Through an intimate system of material and conceptual echoes, D Rosen, Soo Shin, and Catherine Sullivan have produced work that unravels the boundaries surrounding conventional formations of identity as a separate self, or artistic productions as autonomous endeavors. The exhibition exposes a net of influences, of resonance, of polyphony and discord. In it, the artists and curator Ruslana Lichtzier investigate an inherent otherness that female and non-binary bodies embody from within.
The myth of Narcissus and Echo plays a subsidiary role in the psychological construction of identity. Both Freud and Lacan referred to Narcissus while describing their models for identity formation; both men neglected Echo, whose voice they did not hear. Returning to the feminist voices of Deconstruction in order to insist on an ethical stance that embraces ambiguity, the exhibition responds to Echo, who was deprived of her own voice and spoke only through the words of others. We renounce Narcissus.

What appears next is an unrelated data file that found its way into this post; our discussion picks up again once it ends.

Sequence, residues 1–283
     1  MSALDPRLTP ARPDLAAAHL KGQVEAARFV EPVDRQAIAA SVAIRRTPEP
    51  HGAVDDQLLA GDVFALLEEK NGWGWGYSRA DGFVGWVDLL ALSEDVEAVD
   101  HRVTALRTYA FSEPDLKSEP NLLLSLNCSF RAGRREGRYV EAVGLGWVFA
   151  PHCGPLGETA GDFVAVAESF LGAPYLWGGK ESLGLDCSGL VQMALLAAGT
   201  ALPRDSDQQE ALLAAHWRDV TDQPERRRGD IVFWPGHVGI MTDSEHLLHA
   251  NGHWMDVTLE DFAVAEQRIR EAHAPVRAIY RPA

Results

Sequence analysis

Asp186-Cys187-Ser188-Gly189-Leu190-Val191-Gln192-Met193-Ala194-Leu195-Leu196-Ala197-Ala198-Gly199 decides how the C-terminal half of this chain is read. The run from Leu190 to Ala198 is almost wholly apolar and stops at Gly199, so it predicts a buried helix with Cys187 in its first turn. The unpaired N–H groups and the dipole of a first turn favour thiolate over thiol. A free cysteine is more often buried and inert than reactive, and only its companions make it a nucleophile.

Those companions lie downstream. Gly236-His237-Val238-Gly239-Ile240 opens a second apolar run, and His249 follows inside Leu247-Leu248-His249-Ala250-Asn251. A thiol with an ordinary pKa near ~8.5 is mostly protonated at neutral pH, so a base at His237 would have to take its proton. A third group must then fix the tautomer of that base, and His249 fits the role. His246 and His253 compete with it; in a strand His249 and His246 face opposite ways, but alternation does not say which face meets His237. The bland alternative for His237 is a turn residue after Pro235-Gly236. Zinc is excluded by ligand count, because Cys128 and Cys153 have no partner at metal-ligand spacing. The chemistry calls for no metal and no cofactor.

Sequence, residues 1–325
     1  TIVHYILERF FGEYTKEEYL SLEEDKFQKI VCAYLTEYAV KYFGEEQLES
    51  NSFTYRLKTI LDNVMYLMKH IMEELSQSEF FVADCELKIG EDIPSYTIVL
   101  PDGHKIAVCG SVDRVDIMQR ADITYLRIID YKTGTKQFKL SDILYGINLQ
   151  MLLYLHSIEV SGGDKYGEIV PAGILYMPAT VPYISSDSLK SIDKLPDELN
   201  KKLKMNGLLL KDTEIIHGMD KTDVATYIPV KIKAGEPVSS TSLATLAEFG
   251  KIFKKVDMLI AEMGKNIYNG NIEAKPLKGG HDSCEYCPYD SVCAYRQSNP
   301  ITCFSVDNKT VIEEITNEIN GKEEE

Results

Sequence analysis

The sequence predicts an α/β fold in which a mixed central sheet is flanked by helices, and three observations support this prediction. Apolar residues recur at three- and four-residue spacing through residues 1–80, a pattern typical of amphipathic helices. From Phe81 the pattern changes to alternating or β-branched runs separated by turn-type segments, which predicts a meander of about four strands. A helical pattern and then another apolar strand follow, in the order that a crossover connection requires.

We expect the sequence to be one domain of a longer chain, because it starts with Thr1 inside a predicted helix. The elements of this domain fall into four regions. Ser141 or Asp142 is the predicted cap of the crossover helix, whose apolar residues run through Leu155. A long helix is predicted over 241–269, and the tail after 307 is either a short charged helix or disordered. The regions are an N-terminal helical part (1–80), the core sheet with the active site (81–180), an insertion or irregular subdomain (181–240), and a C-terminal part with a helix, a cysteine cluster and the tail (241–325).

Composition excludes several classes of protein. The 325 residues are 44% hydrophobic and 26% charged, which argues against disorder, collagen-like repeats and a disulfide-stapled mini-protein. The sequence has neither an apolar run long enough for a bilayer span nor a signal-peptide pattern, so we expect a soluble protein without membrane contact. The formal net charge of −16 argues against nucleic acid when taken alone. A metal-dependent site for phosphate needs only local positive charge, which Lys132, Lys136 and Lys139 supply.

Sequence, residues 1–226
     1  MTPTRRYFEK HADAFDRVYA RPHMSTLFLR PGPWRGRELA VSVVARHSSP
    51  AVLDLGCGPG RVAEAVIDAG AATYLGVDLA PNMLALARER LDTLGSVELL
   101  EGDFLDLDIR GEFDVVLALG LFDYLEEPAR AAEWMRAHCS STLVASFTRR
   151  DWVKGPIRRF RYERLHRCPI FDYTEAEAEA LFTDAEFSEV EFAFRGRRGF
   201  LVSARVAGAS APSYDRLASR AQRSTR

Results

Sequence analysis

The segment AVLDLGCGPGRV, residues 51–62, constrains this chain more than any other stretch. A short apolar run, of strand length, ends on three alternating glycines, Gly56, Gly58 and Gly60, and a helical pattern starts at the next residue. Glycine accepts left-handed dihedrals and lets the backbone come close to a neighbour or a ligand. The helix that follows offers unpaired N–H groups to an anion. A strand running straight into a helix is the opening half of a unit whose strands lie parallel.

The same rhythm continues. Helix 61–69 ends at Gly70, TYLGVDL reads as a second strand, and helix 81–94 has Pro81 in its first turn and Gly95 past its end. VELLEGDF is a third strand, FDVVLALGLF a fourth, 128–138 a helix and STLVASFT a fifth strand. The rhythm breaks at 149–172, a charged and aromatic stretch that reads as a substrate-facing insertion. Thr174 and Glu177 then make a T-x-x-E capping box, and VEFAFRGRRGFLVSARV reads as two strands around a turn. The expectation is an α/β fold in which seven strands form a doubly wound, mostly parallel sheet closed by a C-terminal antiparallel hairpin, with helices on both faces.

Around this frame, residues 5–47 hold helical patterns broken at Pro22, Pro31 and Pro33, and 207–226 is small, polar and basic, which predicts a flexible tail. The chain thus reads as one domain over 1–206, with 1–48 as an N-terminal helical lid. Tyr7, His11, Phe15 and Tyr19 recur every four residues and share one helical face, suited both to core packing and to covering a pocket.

Relying on physical proximity, the exhibition was formed in the months prior to, and during the pandemic, through ongoing group virtual conversations, studio visits, and visual and textual exchanges. The work towards the exhibition was based on an agreement, among the individual artists and the curator, to enter an unknown and experimental route, and to produce a shared system of echoes. The exact definition of the system remains purposefully omitted; its understanding and implementation were left to the group and each participant’s interpretation.
The design of the exhibition, which provides the audience with the opportunity to view the show from a car, follows the logic of a drive-in theater while responding to the challenges presented by the COVID-19 pandemic.
The exhibition was generously hosted by Chicago Manual Style.